Attorney: Number of Whistleblower Suits Could Increase Amid COVID-19
Published: Monday, April 6, 2020
by Lisa Roose-Church, firstname.lastname@example.org
A Southfield attorney says the state could possibly see an uptick in whistleblower lawsuits once the COVID-19 crisis begins to wane.
A. Vince COLELLA, a civil rights and personal injury attorney with Moss & Colella, expects the whistleblowers to present their case from a different perspective than traditional whistleblowers. He also said it’s also possible that someone who “negligently spread the virus” could be held civilly liable.
“Whistleblowers tend to blow the whistle for what they deem is the greater good,” Colella said today. “They call out corporations for polluting public waterways with toxic waste or chemicals, or executives for playing fast and loose with numbers at the financial peril of employees or retirees. With COVID-19 whistleblowers, I believe you will see more cases of perceived harm to the individual whistleblowers themselves.”
In Michigan, Colella points to employers who ignored Gov. Gretchen WHITMER’s orders and, although not identified as essential businesses, forced their employees to work.
Stories are circulating, he said, about employees with limited means “being forced to leave their homes and work in an environment without social distancing,” which increases their chances of catching the coronavirus.
“One non-essential employer forced his staff to work on a Saturday and then refused to pay them. They can say no and lose their jobs, but they don’t have the clout to speak up against the employer directly now — and they can’t leave and find another job,” Colella said. “That’s where I see the whistleblower trend going with this pandemic. When employees can’t follow the Governor’s orders to stay home and stay safe, they get scared — and angry.”
Today, nurses in DMC Sinai-Grace Hospital told the Detroit Free Press that they are working in dangerous conditions that put them and their patients at risk. The surge in extremely sick patients coupled with nurses who have quit or been sickened by the virus has led to a staffing crisis, the newspaper noted.
Colella knows a dental surgeon in the Pacific Northwest who was being forced to conduct surgery for his national dental chain employer even after dental offices had been forced by the state to close for non-emergency surgery.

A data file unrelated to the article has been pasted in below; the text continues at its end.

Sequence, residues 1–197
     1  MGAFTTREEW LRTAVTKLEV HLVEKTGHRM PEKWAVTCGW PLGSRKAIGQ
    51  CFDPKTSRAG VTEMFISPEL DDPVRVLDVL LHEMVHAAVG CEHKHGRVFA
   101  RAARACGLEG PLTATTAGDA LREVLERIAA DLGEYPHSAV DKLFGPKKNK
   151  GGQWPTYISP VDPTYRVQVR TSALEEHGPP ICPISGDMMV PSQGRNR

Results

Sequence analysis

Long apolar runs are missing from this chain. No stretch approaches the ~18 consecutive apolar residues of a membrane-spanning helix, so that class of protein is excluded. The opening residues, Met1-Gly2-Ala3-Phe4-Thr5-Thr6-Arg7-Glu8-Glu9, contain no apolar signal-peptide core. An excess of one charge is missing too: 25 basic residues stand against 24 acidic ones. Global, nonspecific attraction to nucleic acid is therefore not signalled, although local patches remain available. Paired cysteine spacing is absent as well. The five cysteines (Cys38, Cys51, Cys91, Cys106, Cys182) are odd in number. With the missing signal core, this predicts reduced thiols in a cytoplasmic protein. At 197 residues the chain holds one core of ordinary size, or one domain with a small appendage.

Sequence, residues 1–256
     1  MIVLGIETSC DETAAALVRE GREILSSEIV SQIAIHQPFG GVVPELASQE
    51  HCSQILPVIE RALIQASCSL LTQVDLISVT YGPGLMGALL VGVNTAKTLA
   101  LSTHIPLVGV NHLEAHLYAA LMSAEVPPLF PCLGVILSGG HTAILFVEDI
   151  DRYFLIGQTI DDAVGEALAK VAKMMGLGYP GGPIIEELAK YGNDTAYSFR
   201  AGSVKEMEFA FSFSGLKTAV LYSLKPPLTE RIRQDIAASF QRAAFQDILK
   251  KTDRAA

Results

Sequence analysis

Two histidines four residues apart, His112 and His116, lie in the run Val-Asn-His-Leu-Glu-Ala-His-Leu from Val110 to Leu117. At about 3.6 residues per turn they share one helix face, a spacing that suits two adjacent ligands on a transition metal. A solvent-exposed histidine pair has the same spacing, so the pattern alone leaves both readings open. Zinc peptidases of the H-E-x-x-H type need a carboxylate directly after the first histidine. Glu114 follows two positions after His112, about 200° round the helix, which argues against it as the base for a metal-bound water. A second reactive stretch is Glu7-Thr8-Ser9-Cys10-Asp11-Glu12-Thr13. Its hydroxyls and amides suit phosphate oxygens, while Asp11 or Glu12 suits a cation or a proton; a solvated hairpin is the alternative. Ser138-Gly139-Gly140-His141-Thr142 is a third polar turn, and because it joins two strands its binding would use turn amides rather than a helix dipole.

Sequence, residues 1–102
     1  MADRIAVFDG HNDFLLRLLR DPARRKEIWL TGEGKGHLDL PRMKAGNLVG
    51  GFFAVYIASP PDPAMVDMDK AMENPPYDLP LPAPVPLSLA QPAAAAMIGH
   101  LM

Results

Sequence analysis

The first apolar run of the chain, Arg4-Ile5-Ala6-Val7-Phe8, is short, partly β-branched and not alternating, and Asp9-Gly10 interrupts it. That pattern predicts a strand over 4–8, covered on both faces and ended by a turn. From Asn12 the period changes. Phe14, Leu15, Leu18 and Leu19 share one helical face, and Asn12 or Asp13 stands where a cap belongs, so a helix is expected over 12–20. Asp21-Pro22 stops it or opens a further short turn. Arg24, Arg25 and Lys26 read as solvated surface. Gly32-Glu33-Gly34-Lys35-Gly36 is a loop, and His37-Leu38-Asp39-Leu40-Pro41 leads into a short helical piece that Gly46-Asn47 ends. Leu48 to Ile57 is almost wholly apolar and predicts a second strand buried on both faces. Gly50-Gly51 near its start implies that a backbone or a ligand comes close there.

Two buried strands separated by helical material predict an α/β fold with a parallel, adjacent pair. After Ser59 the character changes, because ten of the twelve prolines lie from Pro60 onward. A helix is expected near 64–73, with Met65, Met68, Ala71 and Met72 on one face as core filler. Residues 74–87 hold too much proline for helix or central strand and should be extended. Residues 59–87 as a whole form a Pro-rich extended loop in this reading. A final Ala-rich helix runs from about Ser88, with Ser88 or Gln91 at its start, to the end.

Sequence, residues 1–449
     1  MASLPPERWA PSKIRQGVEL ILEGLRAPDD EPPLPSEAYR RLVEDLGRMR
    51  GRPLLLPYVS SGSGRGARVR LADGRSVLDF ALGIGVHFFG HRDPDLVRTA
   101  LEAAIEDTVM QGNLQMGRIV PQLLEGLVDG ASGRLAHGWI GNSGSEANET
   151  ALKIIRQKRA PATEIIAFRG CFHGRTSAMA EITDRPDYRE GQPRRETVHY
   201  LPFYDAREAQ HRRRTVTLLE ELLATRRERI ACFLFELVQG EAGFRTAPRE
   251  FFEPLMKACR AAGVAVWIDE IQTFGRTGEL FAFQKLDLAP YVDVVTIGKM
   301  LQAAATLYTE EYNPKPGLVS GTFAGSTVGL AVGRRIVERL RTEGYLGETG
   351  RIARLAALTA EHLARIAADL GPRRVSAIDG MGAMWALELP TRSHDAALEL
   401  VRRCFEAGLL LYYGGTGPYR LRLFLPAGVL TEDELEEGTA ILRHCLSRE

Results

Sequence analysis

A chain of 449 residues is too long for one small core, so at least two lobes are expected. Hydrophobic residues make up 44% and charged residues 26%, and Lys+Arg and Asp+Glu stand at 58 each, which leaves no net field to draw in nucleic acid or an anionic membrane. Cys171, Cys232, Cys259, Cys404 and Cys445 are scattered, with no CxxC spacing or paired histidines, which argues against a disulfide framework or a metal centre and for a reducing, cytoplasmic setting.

“Ultimately, he defied the dental chain’s orders and, with his colleagues in other parts of the country, refused to report to work until it’s deemed safe to do so,” Colella said.
Still, Colella suspects that whistleblowers will generally hail from the ranks of low-wage workers for economic reasons.
Potential lawsuits also could target someone who knowingly spreads coronavirus.
Colella pointed to Republican Kentucky Sen. Rand PAUL, who was tested for the novel coronavirus in March, but continued working at the Capitol because he reportedly “felt that it was highly unlikely” he was sick. He later learned he was positive for the virus.
In Michigan, Colella said, case law is predicated on sexually transmitted infection (STI) in which the courts have relied on a person’s knowledge of symptoms to hold him or her responsible for passing the STI on.
“If someone is aware of the symptoms and someone (Rand) came into contact with and got sick and died, I could see a civil suit,” he said.
Colella suggested employees who have questions on whether they are obligated to conduct non-essential services during the pandemic should contact the regulatory agency that governs their employment to ask questions.
There is, he noted, a 90-day statute of limitations for filing a complaint from an adverse employment action.
“If you have questions, don’t be fearful of asking questions,” Colella said. “If you ask questions to a regulatory agency, you’re protected under the Whistleblowers Protection Act. The whole idea behind the act is to insulate people from adverse employment actions when they have legitimate questions about an ongoing concern.”
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